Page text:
Fasten your seat belts as Oscar-winner Nicolas Cage takes you on the most dangerous flight of your life in the smash hit action thriller Con Air now given an exciting extended cut! On an aircraft carrying some of the most notorious criminals of all time the recently paroled Cameron Poe (Cage) is hitching a ride home to his wife and daughter. But he suddenly finds himself embroiled in a mid-air skyjacking masterminded by Cyrus 'The Virus' Grissom (John Malkovich). While Cameron fights to keep these savage convicts from massacring everyone on board as they career towards the famed Las Vegas Strip a Government agent on the ground (John Cusack) battles to keep this overzealous superiors from blowing the plane into oblivion! Amazing stunts and visual effects add heart-pounding suspense to this must-see action hit!
Stomping out their usual cuteness and carbon copying Disney's grand animation style to a tee, directors Don Bluth and Gary Goldman (An American Tail) create a successful musical comedy from the story of the lost Russian princess. Adapting the story of imperialism and revolution is tricky, and subsequently the film's opening is weak. Once Anya (voiced by Meg Ryan, sung by Liz Callaway) is a teenager and on her own (suffering from some degree of amnesia), Anastasia is quite pleasing though never refreshingly new. 20th Century Fox's big-money gamble to horn in on Disney's realm is worthy. The songs, especially the recurrent "Once Upon a December" by Broadway team Lynn Ahrens and Stephen Flaherty, are better than Disney's recent efforts. It's worth picking up the soundtrack. The mix of cell animation and computer work is vivid. The collection of vocal talent is also strong, from John Cusack (as Dimitri, who wants to earn the reward by bringing Anya to Paris) to Hank Azaria as an amusing albino bat. Kelsey Grammer helps turn a roly-poly sidekick into a warm and strong supporting character. The biggest drawback is Bluth/Goldman's insistence on having a typical villain. Surprisingly, the story would be strong enough without one and the undead corpse of Rasputin (Christopher Lloyd) is unneeded and unoriginal. --Doug Thomas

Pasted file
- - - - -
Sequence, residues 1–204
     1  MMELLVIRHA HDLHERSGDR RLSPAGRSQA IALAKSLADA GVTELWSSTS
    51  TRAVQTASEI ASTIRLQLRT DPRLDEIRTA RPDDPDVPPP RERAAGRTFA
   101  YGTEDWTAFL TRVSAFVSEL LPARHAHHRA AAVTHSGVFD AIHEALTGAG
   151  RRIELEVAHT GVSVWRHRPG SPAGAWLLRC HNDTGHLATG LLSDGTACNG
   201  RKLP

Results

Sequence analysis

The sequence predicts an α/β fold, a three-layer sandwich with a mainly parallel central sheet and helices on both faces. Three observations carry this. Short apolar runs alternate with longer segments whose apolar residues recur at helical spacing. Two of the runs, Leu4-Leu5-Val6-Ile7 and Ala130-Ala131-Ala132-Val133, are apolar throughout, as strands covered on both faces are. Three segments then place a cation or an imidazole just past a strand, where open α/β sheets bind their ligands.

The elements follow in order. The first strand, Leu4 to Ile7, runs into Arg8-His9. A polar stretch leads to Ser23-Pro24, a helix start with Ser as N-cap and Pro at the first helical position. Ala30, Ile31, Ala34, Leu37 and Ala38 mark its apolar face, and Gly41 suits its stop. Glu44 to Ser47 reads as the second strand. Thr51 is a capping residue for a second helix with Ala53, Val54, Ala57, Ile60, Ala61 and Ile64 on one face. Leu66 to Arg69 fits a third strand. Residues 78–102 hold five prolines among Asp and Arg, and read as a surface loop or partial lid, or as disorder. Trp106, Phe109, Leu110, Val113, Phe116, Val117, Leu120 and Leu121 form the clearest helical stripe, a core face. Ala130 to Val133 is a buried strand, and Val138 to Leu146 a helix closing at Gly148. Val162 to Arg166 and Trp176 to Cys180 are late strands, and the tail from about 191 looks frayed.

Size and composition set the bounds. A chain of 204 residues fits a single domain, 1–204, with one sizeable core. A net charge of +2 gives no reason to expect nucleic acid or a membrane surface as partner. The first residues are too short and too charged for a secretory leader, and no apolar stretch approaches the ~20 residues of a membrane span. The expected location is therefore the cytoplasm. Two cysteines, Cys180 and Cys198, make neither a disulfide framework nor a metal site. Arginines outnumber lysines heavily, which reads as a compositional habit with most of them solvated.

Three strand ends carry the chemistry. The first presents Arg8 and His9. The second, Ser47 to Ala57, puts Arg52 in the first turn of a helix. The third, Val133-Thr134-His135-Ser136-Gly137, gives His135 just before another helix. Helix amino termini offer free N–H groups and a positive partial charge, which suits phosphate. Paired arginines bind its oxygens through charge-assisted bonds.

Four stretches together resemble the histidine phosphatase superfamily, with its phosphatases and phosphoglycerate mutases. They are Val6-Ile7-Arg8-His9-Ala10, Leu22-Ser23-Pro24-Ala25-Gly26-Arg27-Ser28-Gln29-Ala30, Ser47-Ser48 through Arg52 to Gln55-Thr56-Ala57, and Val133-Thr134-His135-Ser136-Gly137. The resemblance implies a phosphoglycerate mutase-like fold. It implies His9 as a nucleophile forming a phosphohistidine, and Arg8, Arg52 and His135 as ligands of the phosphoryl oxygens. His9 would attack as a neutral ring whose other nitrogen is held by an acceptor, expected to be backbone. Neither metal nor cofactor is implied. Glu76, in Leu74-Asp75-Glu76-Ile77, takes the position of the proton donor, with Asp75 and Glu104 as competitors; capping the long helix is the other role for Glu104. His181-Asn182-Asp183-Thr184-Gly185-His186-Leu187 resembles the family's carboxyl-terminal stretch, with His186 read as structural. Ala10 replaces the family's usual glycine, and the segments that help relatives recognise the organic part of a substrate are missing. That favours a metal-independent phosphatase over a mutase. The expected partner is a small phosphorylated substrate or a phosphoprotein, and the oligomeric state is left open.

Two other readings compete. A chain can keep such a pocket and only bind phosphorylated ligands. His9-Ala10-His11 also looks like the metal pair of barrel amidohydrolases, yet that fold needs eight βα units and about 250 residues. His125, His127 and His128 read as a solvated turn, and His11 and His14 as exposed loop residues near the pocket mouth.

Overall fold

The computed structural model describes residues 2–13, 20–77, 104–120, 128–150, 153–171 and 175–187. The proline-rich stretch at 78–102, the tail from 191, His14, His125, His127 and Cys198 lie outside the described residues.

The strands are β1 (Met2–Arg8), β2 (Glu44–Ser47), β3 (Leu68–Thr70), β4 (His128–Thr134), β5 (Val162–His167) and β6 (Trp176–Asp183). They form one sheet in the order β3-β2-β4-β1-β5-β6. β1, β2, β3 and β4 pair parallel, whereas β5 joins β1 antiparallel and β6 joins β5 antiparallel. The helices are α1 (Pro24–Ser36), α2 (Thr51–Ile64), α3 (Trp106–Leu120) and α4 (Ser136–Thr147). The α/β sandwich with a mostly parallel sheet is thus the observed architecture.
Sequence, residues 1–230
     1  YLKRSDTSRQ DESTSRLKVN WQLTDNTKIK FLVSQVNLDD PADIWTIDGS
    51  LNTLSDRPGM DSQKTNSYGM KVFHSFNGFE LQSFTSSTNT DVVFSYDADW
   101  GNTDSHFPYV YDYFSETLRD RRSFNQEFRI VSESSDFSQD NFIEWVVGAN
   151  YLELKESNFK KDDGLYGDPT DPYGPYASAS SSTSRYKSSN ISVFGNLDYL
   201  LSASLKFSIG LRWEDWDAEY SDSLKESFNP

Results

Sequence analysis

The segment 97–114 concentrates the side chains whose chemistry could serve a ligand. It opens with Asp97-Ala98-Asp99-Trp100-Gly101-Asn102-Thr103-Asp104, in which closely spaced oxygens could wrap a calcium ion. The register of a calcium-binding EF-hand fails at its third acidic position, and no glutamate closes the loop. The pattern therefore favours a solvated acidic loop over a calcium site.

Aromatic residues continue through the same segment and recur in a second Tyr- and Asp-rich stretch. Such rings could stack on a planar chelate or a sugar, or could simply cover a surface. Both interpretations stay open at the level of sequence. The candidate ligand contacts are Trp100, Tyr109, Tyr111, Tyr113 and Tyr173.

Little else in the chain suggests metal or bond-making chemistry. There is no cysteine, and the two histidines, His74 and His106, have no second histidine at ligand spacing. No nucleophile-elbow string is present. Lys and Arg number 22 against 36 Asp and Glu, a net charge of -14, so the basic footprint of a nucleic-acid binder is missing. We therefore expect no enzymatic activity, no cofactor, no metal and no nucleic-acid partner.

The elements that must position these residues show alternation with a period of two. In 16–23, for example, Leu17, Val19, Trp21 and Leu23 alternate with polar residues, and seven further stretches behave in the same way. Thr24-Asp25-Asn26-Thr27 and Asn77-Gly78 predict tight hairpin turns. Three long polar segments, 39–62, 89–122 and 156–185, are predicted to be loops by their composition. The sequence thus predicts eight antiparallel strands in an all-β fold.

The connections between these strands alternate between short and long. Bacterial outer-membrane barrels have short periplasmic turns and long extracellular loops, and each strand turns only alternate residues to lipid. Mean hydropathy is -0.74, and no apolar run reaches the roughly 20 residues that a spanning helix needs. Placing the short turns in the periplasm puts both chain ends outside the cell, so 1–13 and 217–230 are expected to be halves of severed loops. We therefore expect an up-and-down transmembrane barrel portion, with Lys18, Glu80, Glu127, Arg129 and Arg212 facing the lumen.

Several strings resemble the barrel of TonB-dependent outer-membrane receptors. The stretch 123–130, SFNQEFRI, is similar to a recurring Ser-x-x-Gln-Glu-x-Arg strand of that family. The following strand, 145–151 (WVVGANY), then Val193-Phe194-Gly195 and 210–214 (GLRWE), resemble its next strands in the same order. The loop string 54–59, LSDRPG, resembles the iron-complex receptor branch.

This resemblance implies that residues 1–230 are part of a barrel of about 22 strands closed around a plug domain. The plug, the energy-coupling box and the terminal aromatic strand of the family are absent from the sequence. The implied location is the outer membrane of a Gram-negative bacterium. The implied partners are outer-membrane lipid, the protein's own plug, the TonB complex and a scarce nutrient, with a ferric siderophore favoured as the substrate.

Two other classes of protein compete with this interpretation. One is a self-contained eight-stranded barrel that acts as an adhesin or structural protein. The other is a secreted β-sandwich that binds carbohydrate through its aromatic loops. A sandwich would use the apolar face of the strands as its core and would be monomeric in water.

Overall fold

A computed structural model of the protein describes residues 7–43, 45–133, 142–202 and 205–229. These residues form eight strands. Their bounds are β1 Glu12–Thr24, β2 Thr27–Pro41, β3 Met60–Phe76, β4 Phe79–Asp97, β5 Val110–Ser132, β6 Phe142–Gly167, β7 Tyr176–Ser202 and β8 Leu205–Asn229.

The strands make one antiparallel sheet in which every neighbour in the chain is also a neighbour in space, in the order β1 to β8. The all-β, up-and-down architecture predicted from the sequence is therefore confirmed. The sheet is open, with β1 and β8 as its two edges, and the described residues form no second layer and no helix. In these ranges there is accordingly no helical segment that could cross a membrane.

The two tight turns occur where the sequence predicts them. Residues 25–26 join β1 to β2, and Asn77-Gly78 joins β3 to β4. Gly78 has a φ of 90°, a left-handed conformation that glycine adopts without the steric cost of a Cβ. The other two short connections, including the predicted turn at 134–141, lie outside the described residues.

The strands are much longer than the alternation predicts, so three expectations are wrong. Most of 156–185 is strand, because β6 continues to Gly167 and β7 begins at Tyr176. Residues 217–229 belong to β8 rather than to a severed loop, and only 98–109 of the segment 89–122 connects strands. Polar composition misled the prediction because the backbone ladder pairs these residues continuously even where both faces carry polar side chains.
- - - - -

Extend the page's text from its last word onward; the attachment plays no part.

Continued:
Who is the man who hides his scarred face behind a mask? Hero or madman? Liberator or oppressor? Who is V and who will join him in his daring plot to destroy the totalitarian regime that dominates his nation? From the creators of The Matrix trilogy comes V for Vendetta, an arresting and uncompromising vision of the future based on the powerfully subversive graphic novel. This 4K restoration contains two new pieces of extra content on the 4K disc (not 4K resolution). Special Features: NEW: Natalie Portman's Screen Test NEW: V for Vendetta Unmasked: Making-of with filmmakers and cast James McTeigue & Lana Wachowski in Conversation : Looking back on V for Vendetta Director's Notebook: Reimagining a Cult Classic for the 21st Century: Director James McTeigue (Joined by Stars Natalie Portman and Hugo Weaving and Other Creative Team Members) Traces in Detail the V Saga from Graphic Novel Origin Through the Movie's Execution. Designing the Near Future Remember, Remember: Guy Fawkes and the Gunpowder Plot England Prevails: V For Vendetta and the New Wave in Comics Freedom! Forever!: Making V For Vendetta Saturday Night Live Digital Short Cat Power Montage Theatrical Trailer
Zach Braff lends his voice to the hero of Disney's take on the classic fable.
From Roland Emmerich, director of THE DAY AFTER TOMORROW and INDEPENDENCE DAY, comes the ultimate action-adventure movie, exploding with groundbreaking special effects. As the world faces a catastrophe of apocalyptic proportions, cities collapse and continents crumble. 2012 brings an end to the world and tells of the heroic struggle of the survivors. Starring John Cusack, Chiwetel Ejiofor, Amanda Peet, Danny Glover and Woody Harrelson. Extras: Discovery Channel's 2012 Apocalypse Theatrical Trailers Picture-in-Picture: Roland's Vision Commentary with Writer/Director Roland Emmerich and Co-Writer Harald Kloser Alternate Ending